Let's Make Fun Of The English Language! In The English Languague!

Dex Stewart
Liberty Belle - Sings the song of the unchained

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"Bass"
Am I talking about the fish or the guitar?! I don't know,because either way it's spelled the same. They're pronounced differently. Well why aren't they spelled differently? Would it be too confusing to have multiple meanings for "Base"? Any more confusing than a word being pronounced differently than how it's spelled?
Oh,Plurals can suck my ass. Fish. Fishes. Who. Thefuckkkkk.Cares?!
And how about explitives? Fanny is a goofy word for butt in the US,but in the UK it means vagina. Bollocks is also unacceptable over there while over here they could probably put it in a kids show.
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Color Anon
Liberty Belle - Sings the song of the unchained

Magnetic tapes?
@Dex Stewart
Oh, you have NO idea, because on top ot THIS:

Every country has it's own accent, lingo and words meaning. My country is unironically feared across the planet because it's probably the place with the worst version of spanish and that's without counting our thick accent and awful pronunciation, as we use to speak very fast- this isn't a problem for us, but it drives nuts all tourists and foreign people.
Dex Stewart
Liberty Belle - Sings the song of the unchained

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@Color Anon
Where I live,the only things with multiple words are food.
Especially "sub".
According to Google:wedge, zep, poor boy, hoagie, bomber, submarine, grinder, hero sandwich, hoagy, submarine sandwich, hero, pigboat, torpedo.
I've actually heard most of those.
AdudefromCHL95
Liberty Belle - Sings the song of the unchained

For foreign people, some restaurants put a big sign in the entrance with a bunch of words that you can learn in the meantime.

For example, here is some translations from spanish (neutral and chilean) to english.
WapaMario63
Liberty Belle - Sings the song of the unchained

Quiet Horse Addict
@AdudefromCHL95
@Color Anon
I never knew chileans had their own dictionary, might as well provide with some of the Puerto Rican one.

Also we don't have a distinct accent, however, we can mimic others easily, even by accident (some think I was born in the US whenever I speak, others think I have a british accent).
Fleur de Lis
Liberty Belle - Sings the song of the unchained

@WapaMario63
Also we don't have a distinct accent, however, we can mimic others easily, even by accident (some think I was born in the US whenever I speak, others think I have a british accent).
In english or in spanish?
Тпсс_
Liberty Belle - Sings the song of the unchained

@AdudefromCHL95
And that's not even the basics to understand our everyday spanish.
It remainds me to a couple of things, like this this commercial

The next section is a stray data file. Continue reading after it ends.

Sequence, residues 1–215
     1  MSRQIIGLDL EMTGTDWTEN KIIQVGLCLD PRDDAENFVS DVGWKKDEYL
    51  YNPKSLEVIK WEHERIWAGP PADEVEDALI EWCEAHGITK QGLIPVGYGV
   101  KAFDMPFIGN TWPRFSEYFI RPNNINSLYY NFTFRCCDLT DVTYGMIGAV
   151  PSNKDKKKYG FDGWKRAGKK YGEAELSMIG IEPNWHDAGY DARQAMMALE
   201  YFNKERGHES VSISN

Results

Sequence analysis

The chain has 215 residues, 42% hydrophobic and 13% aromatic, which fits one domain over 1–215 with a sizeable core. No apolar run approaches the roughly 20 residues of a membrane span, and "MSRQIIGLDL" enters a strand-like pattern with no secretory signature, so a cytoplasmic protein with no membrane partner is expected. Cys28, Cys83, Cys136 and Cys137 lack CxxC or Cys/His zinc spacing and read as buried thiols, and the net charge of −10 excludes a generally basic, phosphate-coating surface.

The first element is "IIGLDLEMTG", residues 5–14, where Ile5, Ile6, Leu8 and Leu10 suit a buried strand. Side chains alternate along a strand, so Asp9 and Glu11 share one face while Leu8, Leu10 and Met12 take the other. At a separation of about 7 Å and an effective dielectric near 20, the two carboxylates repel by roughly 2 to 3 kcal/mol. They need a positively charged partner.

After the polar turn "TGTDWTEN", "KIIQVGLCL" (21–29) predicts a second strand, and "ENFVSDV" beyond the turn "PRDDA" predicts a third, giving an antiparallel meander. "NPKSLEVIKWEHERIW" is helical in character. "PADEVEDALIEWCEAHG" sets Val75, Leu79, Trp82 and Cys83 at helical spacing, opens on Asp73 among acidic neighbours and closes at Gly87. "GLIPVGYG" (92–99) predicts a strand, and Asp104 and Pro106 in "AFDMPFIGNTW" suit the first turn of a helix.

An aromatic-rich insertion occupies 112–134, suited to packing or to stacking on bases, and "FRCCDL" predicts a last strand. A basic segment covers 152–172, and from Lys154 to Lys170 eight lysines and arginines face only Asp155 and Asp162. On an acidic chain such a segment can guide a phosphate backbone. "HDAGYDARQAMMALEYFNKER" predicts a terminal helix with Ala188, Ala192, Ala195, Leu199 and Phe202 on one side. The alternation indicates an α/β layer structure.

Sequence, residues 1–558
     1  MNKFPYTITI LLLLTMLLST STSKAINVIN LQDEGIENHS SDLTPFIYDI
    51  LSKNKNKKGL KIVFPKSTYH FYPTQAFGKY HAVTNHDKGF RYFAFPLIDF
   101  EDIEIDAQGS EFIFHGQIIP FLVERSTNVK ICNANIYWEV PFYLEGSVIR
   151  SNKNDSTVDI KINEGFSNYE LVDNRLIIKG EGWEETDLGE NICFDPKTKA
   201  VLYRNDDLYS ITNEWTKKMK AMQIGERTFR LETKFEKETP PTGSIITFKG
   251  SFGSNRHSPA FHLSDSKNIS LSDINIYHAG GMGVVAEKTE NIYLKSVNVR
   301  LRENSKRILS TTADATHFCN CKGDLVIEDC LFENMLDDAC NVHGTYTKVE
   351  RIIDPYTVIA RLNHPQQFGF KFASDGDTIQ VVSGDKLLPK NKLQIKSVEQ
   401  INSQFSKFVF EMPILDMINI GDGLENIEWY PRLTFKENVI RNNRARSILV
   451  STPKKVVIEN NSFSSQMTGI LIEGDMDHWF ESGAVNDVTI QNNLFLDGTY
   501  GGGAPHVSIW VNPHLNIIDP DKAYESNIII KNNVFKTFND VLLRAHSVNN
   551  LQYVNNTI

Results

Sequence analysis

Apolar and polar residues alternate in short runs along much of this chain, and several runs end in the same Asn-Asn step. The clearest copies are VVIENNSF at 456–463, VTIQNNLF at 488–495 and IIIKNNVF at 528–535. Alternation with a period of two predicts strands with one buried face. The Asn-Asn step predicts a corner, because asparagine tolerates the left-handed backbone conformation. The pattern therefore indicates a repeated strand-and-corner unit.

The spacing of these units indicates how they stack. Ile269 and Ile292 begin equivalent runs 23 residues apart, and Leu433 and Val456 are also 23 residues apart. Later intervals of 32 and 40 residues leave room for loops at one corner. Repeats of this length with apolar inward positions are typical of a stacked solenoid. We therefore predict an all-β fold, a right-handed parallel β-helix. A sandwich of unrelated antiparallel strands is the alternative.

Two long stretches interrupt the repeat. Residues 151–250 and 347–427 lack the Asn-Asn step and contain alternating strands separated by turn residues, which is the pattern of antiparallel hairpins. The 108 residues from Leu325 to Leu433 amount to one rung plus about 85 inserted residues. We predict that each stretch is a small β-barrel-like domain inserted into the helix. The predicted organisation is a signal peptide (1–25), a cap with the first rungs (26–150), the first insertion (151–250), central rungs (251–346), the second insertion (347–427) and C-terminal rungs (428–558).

P.S.: Press here if you wanna see a MLP commercial of that time

And also how can you translate this pic word by word to english. I can't figure it out tbh maybe due to my limited knowledge of english or because we really have weird ways to say bad words.
Fleur de Lis
Liberty Belle - Sings the song of the unchained

@Тпсс_
Probably neither. English just has a particularly limited selection of obscenities. I think there's like 20 ways to translate that first line into russian, for example. The remaining lines seem straightforward enough.

(I don't speak spanish, so I may be misunderstanding completely.)



Also G3 in 3D…
AdudefromCHL95
Liberty Belle - Sings the song of the unchained

@WapaMario63
Oh, some of those words are kinda confusing that Boricuas use. What a funny way to say China to an orange or Duck as an homosexual individual. :P

@Тпсс_
Hey, more of the classic and nostalgic commercials to remember how good were.

But seriously, when it's about translating a sentence or word from spanish to english it can be tricky 'cause of the slang or dialects that hispanic countries use it in everyday's life.

Oh well, let's enjoy this funny laughing chilean pone.
Dex Stewart
Liberty Belle - Sings the song of the unchained

Ecto-Phase,Activate!
@AdudefromCHL95
Ooohhh the racial words.
I fricking hate the term "American Indian". What's wrong with Native American? It's fewer syllables, wouldn't that make it easier to say?
Not to mention actual Indians, from,you know,India.
What do you call folks in America with descent from India? What do we call them?! Thanks alot,dumbasses who thought this was India.
Let's talk about words derived from other languages.
"Negro", Spanish for black, pronounced Nay-grow,in English it exclusively refers to dark skinned people, usually of African descent,and pronounced Nee-grow.
When did the word "black" first start being used to describe dark skinned people? They aren't black,actual black skin is extremely rare. They're shades of brown. Most humans are shades of brown.
How about "red" hair? It's orange. Not red.
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